The making of a meadow, part 3
Our backyard is Cinderella … wanting to be be dressed in lace and flowers … but today still wearing a petticoat of weed-blocking cardboard and straw.
All together, it's about 1,000 square feet being transformed into a self-sustaining meadow … part sun, part shade.
The idea is to simply crush the undergrowth with biodegradable cardboard and straw so that the top growth can be changed from stringy, tall weeds ... to a blend of short grass, clover, easy-care flowers, moss, violets, anything that will require no weekly labor. No, or little, mowing.
The straw is brought home from a farm or garden supply store, two bales at a time. (Don't forget a drop cloth.)
The cardboard is ordinary boxes that we crush. Boxes degrade very quickly, as do metal staples, but packing tape seems impervious to weather. You can pull tape off in advance, or just gather it up later, as I do, when it works its way to the top of the ground.
I have about 500 square feet blanketed now. It's slippery to walk on, and makes our space look a lot larger than it did. Soon the Autumn leaves will add another biodegradable layer.
The shorter the grass the better, when you don't want to mow. We buy Northern Turf from Gardens Alive. It only needs mowing once per year.
Our flower seeds are from OVM at e-Bay, which warranties their products and sells them in larger quantities, like 1000 or 5,000, or 10,000. Can you imagine 10,000 of your favorite flowers all together, like an ocean of color?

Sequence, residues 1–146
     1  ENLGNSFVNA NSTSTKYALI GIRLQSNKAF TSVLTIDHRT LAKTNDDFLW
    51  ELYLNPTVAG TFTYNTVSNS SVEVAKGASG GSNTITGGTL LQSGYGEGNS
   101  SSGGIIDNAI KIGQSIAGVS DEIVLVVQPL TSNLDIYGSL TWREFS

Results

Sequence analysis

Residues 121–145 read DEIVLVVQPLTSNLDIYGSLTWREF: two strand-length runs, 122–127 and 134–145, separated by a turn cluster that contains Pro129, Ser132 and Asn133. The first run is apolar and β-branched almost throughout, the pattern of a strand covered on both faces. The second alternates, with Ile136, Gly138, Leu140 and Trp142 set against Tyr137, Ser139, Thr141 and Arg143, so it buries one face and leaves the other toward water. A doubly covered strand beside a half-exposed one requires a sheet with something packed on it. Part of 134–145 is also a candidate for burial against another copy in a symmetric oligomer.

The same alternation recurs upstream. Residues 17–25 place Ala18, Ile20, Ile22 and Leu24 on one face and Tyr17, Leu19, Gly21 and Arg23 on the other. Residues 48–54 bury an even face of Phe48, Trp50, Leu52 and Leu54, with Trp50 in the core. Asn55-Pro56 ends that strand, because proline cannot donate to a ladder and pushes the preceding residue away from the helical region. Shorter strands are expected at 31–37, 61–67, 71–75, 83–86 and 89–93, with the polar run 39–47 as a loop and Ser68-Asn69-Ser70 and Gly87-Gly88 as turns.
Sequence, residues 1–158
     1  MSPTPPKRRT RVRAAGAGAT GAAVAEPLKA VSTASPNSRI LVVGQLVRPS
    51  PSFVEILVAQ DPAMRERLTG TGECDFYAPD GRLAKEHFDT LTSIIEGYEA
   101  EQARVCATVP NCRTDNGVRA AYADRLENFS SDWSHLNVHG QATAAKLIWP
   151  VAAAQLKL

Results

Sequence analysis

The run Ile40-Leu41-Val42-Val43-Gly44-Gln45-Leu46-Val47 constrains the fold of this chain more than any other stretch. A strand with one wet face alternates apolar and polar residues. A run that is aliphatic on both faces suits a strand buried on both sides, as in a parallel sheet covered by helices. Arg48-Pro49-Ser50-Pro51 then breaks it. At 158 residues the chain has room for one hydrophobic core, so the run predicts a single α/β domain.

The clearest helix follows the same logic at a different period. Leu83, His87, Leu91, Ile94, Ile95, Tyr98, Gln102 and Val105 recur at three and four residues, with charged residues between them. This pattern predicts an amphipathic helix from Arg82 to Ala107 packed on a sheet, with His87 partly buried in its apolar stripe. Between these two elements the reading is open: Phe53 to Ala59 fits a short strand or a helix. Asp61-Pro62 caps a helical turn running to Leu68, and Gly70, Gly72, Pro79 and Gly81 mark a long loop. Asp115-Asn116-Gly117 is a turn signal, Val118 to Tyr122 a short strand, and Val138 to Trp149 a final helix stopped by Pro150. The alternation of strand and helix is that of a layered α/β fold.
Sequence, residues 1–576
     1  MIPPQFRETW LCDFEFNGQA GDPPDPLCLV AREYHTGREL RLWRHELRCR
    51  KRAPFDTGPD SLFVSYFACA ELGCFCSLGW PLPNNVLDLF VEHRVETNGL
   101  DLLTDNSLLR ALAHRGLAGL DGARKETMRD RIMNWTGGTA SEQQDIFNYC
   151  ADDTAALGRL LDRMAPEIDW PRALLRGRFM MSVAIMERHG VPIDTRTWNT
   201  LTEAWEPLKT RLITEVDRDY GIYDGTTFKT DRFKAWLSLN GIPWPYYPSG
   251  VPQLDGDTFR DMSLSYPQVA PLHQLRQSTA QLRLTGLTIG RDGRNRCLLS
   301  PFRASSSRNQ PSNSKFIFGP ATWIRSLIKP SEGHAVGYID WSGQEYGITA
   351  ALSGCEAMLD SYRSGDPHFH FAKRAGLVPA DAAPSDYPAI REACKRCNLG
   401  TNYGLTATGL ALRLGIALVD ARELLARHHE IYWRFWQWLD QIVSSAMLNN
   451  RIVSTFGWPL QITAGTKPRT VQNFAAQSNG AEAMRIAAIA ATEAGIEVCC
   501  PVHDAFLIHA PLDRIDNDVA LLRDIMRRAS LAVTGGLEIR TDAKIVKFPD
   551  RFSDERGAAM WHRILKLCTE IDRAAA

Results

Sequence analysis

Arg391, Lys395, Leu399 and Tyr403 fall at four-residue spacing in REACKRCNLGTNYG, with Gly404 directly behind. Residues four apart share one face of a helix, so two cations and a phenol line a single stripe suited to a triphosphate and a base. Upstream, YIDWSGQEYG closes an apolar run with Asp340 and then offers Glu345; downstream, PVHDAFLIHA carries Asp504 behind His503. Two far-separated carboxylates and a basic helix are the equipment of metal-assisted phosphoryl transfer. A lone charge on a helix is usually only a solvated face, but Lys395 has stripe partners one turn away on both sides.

With such a large amount of seeds, you can create great swaths of color like a neighborhood Gertrude Jekyll, OR you can pre-mix quantities of different colors and make random blends the way nature (and I) will do. Here's our seed list for winter sowing, top to bottom, left to right:
• Yellow primrose
• Tussock bellflowers
• Maiden pinks
• Shasta daisy
• Carmine poppy
• Feverfew matricaria
• Irish moss
• New England aster
• English daisy
• Snow in summer
• Dame's rocket
I don't buy wildflower blends in shaker cans, but if you want to try those, be sure to purchase them NOW, in Autumn, NOT in spring. Spread them on top of snow, if you can, because wildflower seeds often do better when exposed to freezing weather.
Here is a collage of what I established this spring, from top to bottom, left to right, chicory, daisy, primrose, maiden pinks, gold yarrow, Miss Willmott potentilla, white larkspur, Baltimore Belle roses, Smiling Jean roses, and carmine poppy.
Then, last week, I scattered some wild-gathered seeds like Queen Anne's lace and thistle.
Wild gathering seeds:
I went for a walk into an area here known as John Brown's Farm where there are abandoned homesteads. I found three different flower seeds to try, for free, one being giant thistle (the seeds that fly around like Tinkerbell). Giant thistles have a large lavender crown flower that will hypnotize swarms of bees so that you can walk right up to them and they will not even look up.
I don't know if my wild-gathered seeds will establish themselves as I dream they will, but in the meantime, I am saving mushroom boxes to sow what I can this winter.